Sirleaf Johnson

Leaders of the West African regional grouping have officially authorized the Ecowas Standby Force (ESF) to intervene militarily in The Gambia and enforce the outcome of a presidential election earlier this month if defeated President Yahya Jammeh refuses to give up power when his mandate expires on January 18.

Gambia’s President, Yahaya Jammeh, inspects a Guard of Hounour by the military. ECOWAS has put him on notice to quit or get ouste.

A leaked December 17 resolution mandates the ESF to deploy a Senegal-led military force to oust Jammeh who is challenging the election result after initially conceding defeat to Barrow and promising a smooth handover of power.

According to the resolution signed by Liberian President Ellen Johnson Sirleaf in her capacity as the current Ecowas chair, the ESF has been mandated to ensure the safety of President-elect Barrow, his inauguration in accordance with the country’s constitution and provide security to other political leaders and the Gambian population.

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The mandate of the EFS whose composition has not yet been revealed enters into force after President Johnson-Sirleaf’s signature but will be subjected to a review depending on political events in The Gambia over the next few weeks as diplomacy is used to end the electoral deadlock.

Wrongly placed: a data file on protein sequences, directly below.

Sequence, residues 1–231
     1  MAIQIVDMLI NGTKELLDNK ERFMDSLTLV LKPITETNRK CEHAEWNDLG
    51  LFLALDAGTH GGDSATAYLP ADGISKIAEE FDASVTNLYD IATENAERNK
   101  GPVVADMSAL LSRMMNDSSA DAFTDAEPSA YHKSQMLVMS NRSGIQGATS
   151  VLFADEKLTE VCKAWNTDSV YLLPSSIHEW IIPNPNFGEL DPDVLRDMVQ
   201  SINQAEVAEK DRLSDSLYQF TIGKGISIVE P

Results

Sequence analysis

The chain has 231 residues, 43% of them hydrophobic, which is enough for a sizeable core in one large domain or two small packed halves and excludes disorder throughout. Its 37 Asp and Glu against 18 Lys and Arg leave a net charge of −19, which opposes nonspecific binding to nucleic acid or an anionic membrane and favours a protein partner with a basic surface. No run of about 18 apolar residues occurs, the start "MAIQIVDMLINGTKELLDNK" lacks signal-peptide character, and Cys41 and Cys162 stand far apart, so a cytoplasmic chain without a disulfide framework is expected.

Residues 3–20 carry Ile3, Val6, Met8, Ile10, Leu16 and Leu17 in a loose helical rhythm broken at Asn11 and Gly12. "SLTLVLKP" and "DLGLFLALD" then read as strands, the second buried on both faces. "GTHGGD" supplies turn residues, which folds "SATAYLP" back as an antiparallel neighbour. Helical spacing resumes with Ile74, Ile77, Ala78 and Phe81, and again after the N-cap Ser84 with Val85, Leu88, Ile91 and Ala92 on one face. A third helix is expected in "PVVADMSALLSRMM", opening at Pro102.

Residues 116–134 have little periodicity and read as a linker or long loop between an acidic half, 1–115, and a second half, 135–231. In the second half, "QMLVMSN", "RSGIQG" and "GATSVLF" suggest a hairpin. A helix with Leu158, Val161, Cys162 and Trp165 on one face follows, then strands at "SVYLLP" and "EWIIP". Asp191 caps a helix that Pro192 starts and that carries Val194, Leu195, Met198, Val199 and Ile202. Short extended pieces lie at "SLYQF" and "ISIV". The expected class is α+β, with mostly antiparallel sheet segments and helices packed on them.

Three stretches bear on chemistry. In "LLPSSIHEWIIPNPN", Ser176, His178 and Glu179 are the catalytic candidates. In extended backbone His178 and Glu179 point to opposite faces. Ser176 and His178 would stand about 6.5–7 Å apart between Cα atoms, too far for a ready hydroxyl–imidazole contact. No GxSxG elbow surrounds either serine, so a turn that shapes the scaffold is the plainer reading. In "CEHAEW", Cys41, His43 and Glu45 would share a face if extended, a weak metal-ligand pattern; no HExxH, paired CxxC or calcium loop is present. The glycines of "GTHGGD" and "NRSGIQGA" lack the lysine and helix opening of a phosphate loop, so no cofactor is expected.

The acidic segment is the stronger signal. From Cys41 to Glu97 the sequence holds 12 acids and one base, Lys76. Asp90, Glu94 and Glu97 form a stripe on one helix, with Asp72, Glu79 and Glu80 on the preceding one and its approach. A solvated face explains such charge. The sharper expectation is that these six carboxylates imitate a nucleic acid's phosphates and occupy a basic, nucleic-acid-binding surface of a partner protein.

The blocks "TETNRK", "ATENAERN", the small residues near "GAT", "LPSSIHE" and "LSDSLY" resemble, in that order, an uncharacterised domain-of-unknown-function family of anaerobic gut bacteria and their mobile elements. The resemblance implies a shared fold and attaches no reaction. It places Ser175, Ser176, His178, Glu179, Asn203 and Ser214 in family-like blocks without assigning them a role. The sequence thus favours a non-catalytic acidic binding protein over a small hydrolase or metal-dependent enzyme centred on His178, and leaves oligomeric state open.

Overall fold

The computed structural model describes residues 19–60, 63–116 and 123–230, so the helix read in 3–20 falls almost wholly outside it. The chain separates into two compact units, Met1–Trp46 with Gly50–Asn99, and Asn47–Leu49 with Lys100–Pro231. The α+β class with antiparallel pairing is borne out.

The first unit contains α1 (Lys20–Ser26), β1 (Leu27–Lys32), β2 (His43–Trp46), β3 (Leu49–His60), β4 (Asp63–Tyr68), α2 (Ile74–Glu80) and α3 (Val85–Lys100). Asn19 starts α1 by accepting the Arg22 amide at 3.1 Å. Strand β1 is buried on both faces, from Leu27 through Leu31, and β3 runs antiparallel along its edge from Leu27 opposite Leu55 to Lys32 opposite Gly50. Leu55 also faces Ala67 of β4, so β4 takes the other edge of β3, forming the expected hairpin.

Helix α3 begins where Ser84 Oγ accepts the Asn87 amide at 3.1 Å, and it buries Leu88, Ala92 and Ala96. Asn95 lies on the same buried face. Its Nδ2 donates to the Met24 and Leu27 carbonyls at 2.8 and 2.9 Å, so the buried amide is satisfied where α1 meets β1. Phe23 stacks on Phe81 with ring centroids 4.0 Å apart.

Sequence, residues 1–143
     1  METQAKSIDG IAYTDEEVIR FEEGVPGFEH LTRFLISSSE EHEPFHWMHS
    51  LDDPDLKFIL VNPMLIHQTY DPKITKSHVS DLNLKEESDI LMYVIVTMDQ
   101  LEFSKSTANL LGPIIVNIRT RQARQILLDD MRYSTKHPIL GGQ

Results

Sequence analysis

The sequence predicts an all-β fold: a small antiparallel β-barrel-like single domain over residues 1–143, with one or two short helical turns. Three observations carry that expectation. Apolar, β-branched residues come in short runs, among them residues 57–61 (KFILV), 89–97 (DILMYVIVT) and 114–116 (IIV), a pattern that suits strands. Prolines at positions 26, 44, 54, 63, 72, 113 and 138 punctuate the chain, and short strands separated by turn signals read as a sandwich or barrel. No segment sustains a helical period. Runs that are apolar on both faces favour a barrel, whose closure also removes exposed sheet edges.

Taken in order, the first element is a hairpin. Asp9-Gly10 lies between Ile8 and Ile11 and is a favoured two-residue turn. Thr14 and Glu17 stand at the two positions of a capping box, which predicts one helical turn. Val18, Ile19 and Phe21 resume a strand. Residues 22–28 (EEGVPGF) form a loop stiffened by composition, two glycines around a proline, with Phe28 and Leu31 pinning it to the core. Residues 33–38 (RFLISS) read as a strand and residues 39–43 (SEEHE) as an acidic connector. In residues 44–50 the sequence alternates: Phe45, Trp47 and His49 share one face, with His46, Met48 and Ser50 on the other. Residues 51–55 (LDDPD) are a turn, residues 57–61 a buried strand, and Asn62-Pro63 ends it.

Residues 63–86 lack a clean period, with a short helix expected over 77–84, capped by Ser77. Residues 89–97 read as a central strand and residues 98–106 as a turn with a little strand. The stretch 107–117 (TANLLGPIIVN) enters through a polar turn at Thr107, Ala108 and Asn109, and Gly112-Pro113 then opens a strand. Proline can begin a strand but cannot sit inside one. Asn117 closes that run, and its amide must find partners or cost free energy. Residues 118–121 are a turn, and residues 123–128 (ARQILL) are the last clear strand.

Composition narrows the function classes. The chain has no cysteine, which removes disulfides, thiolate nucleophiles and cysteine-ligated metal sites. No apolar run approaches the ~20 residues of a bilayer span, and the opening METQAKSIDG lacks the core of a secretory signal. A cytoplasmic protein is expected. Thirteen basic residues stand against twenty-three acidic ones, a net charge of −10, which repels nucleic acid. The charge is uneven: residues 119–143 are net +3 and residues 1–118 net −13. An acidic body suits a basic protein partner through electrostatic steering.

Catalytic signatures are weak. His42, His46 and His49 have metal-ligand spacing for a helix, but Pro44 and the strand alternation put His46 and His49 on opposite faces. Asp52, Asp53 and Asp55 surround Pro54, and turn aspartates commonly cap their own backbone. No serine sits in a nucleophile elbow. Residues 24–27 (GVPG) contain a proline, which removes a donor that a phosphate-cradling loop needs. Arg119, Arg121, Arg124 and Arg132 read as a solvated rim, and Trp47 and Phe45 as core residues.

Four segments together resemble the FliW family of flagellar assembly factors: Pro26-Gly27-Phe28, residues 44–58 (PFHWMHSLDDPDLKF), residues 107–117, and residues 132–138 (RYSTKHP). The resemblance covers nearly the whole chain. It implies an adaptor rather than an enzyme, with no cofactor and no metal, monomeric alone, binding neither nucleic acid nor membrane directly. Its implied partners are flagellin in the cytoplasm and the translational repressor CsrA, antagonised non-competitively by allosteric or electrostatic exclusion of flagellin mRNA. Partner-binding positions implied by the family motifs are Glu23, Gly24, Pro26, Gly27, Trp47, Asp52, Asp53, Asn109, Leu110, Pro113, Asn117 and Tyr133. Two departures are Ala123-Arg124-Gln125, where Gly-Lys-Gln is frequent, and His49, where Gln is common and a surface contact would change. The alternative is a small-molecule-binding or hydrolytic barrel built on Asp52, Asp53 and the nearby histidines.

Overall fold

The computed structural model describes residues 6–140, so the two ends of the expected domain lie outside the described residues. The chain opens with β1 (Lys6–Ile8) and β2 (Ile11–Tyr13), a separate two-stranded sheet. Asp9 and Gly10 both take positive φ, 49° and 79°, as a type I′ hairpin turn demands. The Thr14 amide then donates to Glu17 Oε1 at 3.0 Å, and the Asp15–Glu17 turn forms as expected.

The resolution made after the fiftieth Ecowas Extraordinary Summit of Heads of State and Government in Abuja, held on December 17 said the duration of ESF’s mandate will last from Barrow’s inauguration to realizing the necessary conditions for the effective exercise of his executive powers as the country’s new president.

The operations of the intervention force will be funded through the Ecowas community levy and financial support from the United Nations, the European Union and other donor partners.

The resolution followed an unsuccessful attempt by the leaders of Nigeria, Liberia, Ghana and Sierra Leone to talk Jammeh out of preventing a smooth handover of power to Barrow who had topped the polls with 43 percent ahead of the incumbent who polled 39 percent according to the revised figures of the results after the Independent Electoral Commission had corrected a collation error which did not alter the standings of the candidates.

Outgoing President Jammeh whose party’s petition challenging the results will be heard in The Gambian Supreme Court on January 10 has vowed to prevent Barrow’s inauguration on January 19, a day after his own mandate as the country’s elected leader will expire.

The head of the Independent Electoral Commission Alieu Momar Njai has rebuffed Jammeh’s claims of “vote-rigging and widespread irregularities” as nonsense.

President Jammeh who came to power in a bloodless coup in 1994 and won four elections before losing the December 1 poll has warned that any move to oust him would be regarded by his government as a naked external aggression.


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